Sunday, 23 December 2012

Google Web Cache and MITM attacks

What on earth do these two things have to do with each other? Well before I can discuss that, I need to dig out another forgotten vulnerability, mixed scripting!

Mixed scripting happens when an application served via https references resources including CSS,XML,JS from domains that are not served via https so a typical example would look like this:

googleusercontent mixed scripting vulnerability

So why is this a problem? well because it means in a Man in the middle attack you can influence the behaviour of a trusted domain without mirroring the entire domain! You can have your victim---during a mitm attack---use the services on their trusted domain with out having to use sslstrip or other anit-ssl tech you don't need to touch anything on the ssl layer because the application inherently serves unauthenticated content to the user! All you really need to accomplish is mapping the unauthenticated domain to a machine under your control.

So then how does this tie into the Google Web Cache? It turns out google webcache also suffers from mixed scripting!



Pics or it didn't happen right?
This may not seem like such grave news, you may want to know why this is unwanted behaviour?
Well I rate this as something dangerous not because I could demonstrate an autonomous way to exploit peoples trust in this domain to do very very harmful things, but because I know if I have an idea, then people much much more intelligent than me will have some ideas of there own!

The baseline argument motivating the critical nature of this vulnerability would be the trust that people have in this particular domain. I can only imagine how many XSS filters out there have Google web cache on some whitelist, I mean come on its Google after all! My conclusion is that this behaviour is a total fail!

Thats not the end of my story!

As it turns out Google Search has a peculiar behaviour that would go nicely with this vulnerability. If you've been following this blog for a while you may recall another post about google web cache and how you can have google.com autonomously redirect to webcache using a very special search term.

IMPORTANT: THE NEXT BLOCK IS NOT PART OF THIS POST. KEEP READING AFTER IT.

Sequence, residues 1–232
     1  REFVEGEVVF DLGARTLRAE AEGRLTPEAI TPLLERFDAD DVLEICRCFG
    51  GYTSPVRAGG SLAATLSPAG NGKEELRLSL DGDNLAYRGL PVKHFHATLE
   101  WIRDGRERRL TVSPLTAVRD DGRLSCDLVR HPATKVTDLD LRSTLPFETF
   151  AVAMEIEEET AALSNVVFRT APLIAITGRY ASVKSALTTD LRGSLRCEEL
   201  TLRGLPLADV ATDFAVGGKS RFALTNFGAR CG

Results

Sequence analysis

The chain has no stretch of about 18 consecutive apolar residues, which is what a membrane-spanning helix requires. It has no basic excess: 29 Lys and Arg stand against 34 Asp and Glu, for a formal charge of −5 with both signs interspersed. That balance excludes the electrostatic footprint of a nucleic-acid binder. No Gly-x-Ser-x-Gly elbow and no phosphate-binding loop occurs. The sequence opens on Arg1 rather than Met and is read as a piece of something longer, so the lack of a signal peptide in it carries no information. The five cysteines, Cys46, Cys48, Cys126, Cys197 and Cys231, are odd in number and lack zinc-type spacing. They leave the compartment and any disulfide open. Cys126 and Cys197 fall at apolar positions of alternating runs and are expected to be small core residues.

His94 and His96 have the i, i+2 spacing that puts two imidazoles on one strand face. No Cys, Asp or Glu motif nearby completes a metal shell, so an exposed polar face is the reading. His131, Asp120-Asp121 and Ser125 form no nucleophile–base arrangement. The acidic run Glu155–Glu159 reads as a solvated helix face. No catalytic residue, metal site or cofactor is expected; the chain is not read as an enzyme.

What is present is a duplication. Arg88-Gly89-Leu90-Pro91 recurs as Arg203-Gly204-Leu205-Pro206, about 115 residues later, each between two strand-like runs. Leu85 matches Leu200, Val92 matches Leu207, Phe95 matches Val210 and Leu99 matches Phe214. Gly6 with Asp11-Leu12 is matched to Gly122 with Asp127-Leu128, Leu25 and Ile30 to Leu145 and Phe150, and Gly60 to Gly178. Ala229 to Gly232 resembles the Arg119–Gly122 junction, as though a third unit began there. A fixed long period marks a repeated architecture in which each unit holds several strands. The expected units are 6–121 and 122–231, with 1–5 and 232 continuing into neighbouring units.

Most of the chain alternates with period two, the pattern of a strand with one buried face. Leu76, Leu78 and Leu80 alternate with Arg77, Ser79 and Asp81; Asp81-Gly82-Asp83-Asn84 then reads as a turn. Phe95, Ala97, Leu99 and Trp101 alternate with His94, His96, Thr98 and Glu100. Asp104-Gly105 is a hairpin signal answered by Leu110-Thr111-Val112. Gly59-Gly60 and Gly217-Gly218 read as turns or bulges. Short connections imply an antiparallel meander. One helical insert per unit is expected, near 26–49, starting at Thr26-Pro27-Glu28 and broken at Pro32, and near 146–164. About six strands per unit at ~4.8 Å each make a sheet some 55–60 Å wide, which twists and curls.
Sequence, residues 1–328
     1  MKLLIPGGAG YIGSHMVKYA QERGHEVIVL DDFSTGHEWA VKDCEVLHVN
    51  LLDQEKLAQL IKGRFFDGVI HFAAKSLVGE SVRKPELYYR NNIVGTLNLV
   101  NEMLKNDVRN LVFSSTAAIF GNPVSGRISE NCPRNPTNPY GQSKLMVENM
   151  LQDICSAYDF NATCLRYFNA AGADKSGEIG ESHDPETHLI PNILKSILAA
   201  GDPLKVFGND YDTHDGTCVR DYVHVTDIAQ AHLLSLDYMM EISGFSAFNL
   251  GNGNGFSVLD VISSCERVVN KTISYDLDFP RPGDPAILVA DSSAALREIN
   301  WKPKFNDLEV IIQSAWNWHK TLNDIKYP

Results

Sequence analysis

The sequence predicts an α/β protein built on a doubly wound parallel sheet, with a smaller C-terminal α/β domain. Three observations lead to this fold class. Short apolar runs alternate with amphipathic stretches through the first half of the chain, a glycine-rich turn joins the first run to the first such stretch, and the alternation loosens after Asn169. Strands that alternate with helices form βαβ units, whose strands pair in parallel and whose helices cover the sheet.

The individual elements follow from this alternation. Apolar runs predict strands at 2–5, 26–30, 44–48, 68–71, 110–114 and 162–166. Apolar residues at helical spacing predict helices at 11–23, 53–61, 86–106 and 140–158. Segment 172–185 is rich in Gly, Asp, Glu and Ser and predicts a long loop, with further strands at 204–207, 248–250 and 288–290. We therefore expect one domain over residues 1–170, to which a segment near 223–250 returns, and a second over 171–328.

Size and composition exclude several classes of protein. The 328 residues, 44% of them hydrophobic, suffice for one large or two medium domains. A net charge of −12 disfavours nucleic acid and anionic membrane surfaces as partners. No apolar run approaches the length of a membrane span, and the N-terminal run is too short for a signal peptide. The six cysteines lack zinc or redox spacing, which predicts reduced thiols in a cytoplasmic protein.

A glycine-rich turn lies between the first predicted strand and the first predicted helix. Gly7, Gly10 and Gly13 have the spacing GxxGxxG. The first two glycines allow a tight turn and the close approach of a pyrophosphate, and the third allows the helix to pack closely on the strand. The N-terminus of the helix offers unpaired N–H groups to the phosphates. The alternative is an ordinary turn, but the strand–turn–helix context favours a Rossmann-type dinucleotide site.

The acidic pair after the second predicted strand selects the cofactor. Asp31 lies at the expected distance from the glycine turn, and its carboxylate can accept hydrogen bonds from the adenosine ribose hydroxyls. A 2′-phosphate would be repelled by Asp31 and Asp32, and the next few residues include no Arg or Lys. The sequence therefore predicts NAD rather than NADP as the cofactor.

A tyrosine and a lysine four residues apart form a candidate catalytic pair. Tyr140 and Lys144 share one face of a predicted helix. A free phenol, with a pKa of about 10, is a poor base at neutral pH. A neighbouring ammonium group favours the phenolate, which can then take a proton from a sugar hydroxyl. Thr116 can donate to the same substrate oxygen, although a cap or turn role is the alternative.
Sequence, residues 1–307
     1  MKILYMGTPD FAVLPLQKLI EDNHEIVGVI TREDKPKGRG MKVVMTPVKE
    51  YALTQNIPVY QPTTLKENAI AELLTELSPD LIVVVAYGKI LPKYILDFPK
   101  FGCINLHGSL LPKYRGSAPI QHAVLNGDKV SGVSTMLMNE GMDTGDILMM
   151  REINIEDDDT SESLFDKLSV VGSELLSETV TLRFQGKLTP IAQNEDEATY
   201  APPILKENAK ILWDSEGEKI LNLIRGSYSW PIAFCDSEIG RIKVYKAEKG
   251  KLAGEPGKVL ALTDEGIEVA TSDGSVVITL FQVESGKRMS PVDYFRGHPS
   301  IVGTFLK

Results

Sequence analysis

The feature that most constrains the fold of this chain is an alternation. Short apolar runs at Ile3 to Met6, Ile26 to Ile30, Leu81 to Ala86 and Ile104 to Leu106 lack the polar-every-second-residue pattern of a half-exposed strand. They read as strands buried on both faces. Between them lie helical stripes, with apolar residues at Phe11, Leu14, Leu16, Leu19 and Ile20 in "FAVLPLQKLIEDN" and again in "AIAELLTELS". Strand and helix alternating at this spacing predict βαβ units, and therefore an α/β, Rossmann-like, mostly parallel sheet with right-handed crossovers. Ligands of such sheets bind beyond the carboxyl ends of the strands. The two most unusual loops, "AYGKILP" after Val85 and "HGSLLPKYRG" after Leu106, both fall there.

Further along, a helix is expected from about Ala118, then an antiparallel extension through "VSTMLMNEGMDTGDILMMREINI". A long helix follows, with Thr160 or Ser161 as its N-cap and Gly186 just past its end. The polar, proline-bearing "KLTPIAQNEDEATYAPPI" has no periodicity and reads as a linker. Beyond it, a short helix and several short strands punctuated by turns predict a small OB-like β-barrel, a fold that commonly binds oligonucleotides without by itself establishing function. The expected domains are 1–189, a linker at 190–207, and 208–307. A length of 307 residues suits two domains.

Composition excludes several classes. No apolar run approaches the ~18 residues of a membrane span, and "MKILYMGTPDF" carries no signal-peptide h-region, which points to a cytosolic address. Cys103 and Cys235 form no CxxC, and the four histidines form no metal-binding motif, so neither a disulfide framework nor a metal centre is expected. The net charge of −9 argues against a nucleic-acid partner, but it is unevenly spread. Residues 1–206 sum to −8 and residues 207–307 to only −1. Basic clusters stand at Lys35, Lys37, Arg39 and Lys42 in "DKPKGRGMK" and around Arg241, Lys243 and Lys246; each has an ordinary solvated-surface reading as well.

that post is over here

So the long and short of it is, if you feed someone a link that looks like this
https://www.google.com/search?q=cache:k3170makan.blogspot.com
You get redirected to webcache autonomously!

So now putting this all together, what it means is if you are MITM-ing someone and you'd like to take control of some browser-based information or even take control of your victim's browser, all you need to is feed them a link like the one above and then do a little DNS poisoning or DNS spoofing---via an arpspoofing attack, or any attack that gateways a Man in the middle---so can associate unauthenticated resources with domain you control. I feel I need to summerize this:

  1. DNS spoof/poison so you can have "http://trustme.com/something.js" under your control, all you need is one resource thats what makes it so sneaky
  2. Perform a man in the middle attack---the above step can be encompassed into this one ;)---
  3. Feed the vicitim a link like this:
  1. https://www.google.com/search?q=cache:[a domain that references "http://trustme.com/something.js"] 

 References:

  1. http://blog.chromium.org/2012/08/ending-mixed-scripting-vulnerabilities.html
  2. http://webmasters.stackexchange.com/questions/15605/is-it-really-a-security-problem-to-have-non-secure-assets-on-an-ssl-page
  3.  http://stackoverflow.com/questions/3778819/browser-mixed-content-warning-whats-the-point
  4. http://blog.chromium.org/2012/08/ending-mixed-scripting-vulnerabilities.html
  5. http://ie.microsoft.com/testdrive/Browser/MixedContent/Default.html?o=1
I'm gonna focus on building a tool so I can hunt down and report these kinds of vulnerabilities in bulk soon.